A clutch of automakers to blame for almost all of the tailpipe emissions in the US
six companies control 91 per cent of the us automobile market. They are also responsible for more than 90 per cent of vehicular emissions in the country. This was revealed in an environmental rating of automobile companies in the us, conducted by the Union of Concerned Scientists (ucs), a non-governmental organisation. The report is based on a biennial study, which evaluated vehicle models for 2000 and 2001, by analysing their emissions of smog-forming pollutants and greenhouse gases.
Honda Motors Limited topped the ratings followed by Toyota, Nissan, Ford, General Motors and Daimler Chrysler. Vehicles from these six companies account for 93 per cent of all smog-forming pollution and 92 per cent of carbon dioxide emissions, the two major environmental problems analysed in the study. The rating is based on the relative emissions of the average new vehicle (cars, sports utility vehicles, minivans and pickups) sold by each company.
The study notes that Honda, which has seven per cent share of the us market, has retained its position since the 1998 ranking largely because it offers the best fuel economy. It has been observed that companies with sales dominated by trucks are generally bigger polluters as the currently enforced environmental regulations permit trucks to pollute more than cars.
Automakers have been rated from cleanest to dirtiest by placing equal weight on their contribution to smog and global warming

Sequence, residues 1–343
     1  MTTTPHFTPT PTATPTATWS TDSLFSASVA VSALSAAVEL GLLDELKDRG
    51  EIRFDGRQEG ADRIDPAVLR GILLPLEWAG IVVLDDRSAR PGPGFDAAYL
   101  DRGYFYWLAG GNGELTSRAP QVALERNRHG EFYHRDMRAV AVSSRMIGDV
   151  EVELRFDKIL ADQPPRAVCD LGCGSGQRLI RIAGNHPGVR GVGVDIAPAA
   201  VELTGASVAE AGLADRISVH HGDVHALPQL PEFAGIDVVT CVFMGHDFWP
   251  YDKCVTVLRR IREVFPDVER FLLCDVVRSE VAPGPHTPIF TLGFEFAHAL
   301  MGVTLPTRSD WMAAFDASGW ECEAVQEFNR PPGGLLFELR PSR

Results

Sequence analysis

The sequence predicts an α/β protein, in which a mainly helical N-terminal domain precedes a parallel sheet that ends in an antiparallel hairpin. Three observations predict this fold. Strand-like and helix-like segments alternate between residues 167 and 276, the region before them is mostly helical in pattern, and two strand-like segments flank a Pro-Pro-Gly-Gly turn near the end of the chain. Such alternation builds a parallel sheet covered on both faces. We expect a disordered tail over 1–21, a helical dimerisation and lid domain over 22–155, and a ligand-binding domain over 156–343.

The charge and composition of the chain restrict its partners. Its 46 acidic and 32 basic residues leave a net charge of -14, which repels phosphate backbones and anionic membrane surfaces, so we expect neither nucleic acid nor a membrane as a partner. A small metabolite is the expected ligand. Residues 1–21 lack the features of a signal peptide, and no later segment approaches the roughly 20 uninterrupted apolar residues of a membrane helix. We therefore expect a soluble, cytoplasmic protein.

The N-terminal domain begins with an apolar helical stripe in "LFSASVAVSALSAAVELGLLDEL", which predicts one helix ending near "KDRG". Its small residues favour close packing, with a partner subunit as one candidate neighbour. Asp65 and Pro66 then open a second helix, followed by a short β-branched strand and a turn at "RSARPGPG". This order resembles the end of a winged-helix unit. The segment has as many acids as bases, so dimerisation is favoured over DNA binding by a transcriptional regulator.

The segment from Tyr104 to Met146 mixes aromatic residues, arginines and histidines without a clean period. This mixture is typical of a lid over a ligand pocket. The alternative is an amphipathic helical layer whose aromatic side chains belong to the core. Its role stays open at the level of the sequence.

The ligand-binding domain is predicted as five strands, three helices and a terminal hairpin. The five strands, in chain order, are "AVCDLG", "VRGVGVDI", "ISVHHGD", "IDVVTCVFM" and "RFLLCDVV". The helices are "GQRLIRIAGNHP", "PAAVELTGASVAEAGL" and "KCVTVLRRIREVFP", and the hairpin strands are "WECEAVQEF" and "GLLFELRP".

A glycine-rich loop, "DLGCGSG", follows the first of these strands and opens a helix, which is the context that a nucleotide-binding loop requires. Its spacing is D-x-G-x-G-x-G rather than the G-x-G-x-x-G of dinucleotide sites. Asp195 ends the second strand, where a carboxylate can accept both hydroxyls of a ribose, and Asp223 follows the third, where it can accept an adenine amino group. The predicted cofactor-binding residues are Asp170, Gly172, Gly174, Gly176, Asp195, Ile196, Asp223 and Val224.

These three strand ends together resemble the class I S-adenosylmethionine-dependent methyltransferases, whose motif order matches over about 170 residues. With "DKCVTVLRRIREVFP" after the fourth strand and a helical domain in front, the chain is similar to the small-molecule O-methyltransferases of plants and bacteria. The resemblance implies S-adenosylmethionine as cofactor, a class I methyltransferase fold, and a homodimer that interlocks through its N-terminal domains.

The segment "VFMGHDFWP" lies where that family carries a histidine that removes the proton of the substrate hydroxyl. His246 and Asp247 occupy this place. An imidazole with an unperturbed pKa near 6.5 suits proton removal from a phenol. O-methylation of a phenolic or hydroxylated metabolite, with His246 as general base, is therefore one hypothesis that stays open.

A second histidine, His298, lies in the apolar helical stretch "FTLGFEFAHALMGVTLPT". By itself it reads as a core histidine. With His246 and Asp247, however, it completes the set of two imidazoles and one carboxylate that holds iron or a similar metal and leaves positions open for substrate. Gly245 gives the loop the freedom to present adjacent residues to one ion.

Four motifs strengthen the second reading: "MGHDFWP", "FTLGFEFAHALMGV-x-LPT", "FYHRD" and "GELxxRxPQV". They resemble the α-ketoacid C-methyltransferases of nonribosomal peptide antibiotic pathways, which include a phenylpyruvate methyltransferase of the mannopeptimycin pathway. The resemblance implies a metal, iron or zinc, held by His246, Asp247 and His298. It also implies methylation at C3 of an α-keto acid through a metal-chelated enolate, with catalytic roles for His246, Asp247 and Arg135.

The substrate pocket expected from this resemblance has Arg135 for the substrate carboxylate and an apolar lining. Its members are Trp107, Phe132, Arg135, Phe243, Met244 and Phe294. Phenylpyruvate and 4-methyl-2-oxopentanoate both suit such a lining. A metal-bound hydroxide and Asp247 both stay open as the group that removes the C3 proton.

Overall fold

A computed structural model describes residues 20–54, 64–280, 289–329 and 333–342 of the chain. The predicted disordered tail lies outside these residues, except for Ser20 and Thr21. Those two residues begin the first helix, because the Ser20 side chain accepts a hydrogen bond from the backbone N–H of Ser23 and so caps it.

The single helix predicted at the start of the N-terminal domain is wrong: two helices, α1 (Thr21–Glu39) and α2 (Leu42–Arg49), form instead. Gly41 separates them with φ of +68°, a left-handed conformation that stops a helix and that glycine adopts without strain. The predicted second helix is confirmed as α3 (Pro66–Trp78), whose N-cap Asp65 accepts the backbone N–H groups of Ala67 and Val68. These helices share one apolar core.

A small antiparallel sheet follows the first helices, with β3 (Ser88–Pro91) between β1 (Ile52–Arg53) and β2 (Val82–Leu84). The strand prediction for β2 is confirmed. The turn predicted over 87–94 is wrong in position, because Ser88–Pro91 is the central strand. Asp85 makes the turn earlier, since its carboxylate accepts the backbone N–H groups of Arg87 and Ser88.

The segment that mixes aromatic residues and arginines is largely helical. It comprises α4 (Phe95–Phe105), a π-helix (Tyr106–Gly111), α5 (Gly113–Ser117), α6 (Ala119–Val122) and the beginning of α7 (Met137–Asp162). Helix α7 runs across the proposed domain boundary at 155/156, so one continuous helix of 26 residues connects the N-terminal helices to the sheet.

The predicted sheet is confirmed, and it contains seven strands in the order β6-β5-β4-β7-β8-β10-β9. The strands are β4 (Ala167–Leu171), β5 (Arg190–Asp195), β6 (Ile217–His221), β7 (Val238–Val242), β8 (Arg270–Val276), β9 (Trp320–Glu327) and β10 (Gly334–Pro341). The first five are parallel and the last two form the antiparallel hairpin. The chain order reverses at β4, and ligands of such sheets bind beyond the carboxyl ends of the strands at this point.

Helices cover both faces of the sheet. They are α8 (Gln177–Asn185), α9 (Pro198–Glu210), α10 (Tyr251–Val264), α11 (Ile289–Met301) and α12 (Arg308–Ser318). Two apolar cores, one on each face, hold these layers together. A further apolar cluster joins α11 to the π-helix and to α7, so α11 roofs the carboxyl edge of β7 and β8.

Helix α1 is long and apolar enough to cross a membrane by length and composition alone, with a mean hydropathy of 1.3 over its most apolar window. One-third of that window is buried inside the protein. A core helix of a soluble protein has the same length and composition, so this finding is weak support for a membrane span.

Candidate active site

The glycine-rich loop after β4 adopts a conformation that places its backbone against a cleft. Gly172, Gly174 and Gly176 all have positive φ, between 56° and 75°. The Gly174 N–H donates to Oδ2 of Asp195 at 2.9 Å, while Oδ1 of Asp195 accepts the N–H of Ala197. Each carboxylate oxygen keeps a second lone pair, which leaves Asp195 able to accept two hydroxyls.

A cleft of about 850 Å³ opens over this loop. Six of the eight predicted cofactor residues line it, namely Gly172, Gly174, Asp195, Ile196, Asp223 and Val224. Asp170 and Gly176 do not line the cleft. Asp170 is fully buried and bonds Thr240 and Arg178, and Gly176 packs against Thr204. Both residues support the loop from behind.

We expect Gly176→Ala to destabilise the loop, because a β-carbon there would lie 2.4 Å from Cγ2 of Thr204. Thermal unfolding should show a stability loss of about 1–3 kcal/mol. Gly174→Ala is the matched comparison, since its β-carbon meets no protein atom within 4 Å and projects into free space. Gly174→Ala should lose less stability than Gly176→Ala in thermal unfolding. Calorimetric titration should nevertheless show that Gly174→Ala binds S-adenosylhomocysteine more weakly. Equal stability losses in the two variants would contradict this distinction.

|Rank||Rating (model year 2001)||Highlights|
|1||Honda||Sells fewest dirtiest trucks and the most best fuel economy vehicles. Average new vehicle emitted 21 per cent less greenhouse gases and 31 per cent less smog-forming pollutants.|
|2||Toyota||It has reduced its fleet average global warming gas emissions from 2000 to 2001 model year, despite a continued shift to trucks and, in particular, to larger trucks.|
|3||Nissan||Nissans most popular cars and trucks are consistently among the least fuel-efficient vehicles.|
|4||Ford||Improved its ranking because of lower smog-forming emission trucks, but efforts offset by the low-fuel efficiency of its overall vehicle fleet.|
|5||General Motors (GM)||Continued to move into the dirty large truck market.|
|6||Daimler Chrysler||Vehicles are 10 per cent dirtier than average for smog-forming emissions and nine per cent dirtier for greenhouse gases.|
|Source: Mark Jason 2002, Automaker Rankings: the environmental performance of car companies, Union of Concerned Scientists, September, page 2.|
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